Multi-Booting the Nexus 7 Tablet
Anyone who knows me well enough knows I love mobile devices. Phones, tablets and other shiny glowing gadgets are almost an addiction for me. I've talked about my addiction in other articles and columns, and Kyle Rankin even made fun of me once in a Point/Counterpoint column because my household has a bunch of iOS devices in it. Well, I was fortunate enough to add an Android device to the mix recently—a Nexus 7 tablet. I actually won this device at the Southern California Linux Expo as part of the Rackspace Break/Fix Contest, but that's a different story.
If you've not seen a Nexus 7, it's a nice little device. Like all "Nexus"-branded Android devices, it's a "reference" device for Google's base Android implementation, so it's got a well-supported set of hardware. I'm not trying to make this article sound like a full-fledged review of the device, but here's a few tech specs in case you're not familiar with it:
7" screen with 1280x800 resolution.
7.81" x 4.72" x 0.41" (198.5mm x 120mm x 10.45mm).
16 or 32GB of Flash storage (mine is the 16GB model).
1GB of RAM.
NVIDIA Tegra 3 Quad-Core Processor.
Wi-Fi, Bluetooth and optional 3G radios.
Android 4.2 Jelly Bean.
The Nexus line of Android devices makes up the reference implementation for Android, so that tends to be the series of device that sees the fastest movement in terms of new builds of the OS, and in unique OS derivatives like CyanogenMod. Right about the time I received the Nexus 7, Canonical released the developer beta of Ubuntu Touch, which targeted the Nexus 7 as its deployment platform.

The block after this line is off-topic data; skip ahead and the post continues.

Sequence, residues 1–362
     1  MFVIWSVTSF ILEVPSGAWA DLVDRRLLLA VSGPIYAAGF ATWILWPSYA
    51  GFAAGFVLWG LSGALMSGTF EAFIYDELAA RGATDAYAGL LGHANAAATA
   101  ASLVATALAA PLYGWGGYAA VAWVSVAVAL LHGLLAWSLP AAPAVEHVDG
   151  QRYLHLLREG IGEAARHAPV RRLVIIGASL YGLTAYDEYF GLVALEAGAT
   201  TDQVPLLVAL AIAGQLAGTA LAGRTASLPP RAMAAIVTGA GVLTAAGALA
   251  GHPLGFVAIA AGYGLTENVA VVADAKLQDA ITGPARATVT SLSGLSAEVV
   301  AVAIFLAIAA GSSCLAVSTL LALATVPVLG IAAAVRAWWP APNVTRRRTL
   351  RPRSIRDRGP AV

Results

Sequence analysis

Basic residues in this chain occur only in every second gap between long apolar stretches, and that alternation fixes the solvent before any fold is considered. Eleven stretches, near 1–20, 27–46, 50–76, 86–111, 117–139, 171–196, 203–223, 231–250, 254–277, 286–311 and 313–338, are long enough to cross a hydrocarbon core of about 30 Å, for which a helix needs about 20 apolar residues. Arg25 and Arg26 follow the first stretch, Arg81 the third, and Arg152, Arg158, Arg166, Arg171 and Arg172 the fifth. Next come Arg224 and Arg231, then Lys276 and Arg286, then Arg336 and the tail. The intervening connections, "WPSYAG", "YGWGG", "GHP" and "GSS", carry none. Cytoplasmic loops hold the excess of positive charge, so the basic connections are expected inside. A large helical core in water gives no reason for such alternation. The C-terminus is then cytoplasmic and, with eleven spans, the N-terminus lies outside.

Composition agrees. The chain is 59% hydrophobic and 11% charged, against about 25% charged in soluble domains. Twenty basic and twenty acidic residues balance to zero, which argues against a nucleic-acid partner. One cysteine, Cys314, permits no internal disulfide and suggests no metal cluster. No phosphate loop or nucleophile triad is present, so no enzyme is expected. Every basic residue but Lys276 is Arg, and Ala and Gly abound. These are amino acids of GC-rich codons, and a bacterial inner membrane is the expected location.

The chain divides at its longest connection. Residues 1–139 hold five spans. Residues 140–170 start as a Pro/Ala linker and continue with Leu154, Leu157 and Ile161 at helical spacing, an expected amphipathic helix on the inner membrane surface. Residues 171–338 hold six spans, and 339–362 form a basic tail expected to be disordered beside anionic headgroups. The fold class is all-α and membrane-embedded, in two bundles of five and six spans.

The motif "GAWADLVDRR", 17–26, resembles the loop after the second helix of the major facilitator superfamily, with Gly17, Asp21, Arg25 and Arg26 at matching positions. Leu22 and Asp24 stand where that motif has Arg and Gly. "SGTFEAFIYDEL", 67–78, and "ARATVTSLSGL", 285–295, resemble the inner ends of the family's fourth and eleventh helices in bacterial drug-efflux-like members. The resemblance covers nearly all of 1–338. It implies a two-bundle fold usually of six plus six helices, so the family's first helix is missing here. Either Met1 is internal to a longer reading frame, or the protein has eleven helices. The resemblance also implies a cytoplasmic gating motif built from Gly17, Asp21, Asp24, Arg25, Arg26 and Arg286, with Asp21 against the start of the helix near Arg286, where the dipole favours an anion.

Because I can't leave nice things well enough alone, I decided to start trying alternate OS ROMs on my shiny new Nexus 7. Ordinarily, each new OS would require you to reflash the device, losing all your configuration, apps and saved data. However, I found a neat hack called MultiROM that lets you sideload multiple ROMs on your device. How does it work? Well, let's walk through the installation.
Prep for MultiROM Installation
First, and I can't stress this enough, back up your device. I really, really mean it. Back up your device. You're messing around with lots of low-level stuff when you're installing MultiROM, so you'll want to have copies of your data. Also, one of the first steps is to wipe the device and return it to an "out-of-the-box" configuration, so you'll want your stuff safe.
Second, grab copies of the "stock" Nexus 7 ROMs as they shipped from the factory. You will want these in the event something goes wrong, or if you decide you don't like this MultiROM hackery and want to roll your device back to a stock configuration.
Third, check the links in the Resources section of this article for up-to-date documentation on MultiROM. It's possible for things to change between this writing and press time, so follow any instructions you see there. Those instructions will supersede anything I type here, as this kind of hack can be a rapidly moving target. Also, do your own homework—lots of great YouTube videos describe this process, and a video sometimes can be worth several thousand words.
Notice: please make sure you follow these three steps, then follow the MultiROM documentation exactly. I'm not responsible if your tablet gets bricked or turns itself into SkyNet and goes on a rampage against humanity. Though I have to say, if that happened, it'd be kind of neat, in a geeky sort of way.
Unlocking Your Bootloader
Your device should be on the latest available factory ROM supported by MultiROM before you begin the installation. At the time of this writing, on my Nexus 7 (Wi-Fi-only) model, that was 4.2.2. The Nexus 7 comes from the factory with a "locked" bootloader. The first thing you've got to do is unlock the bootloader before you can proceed.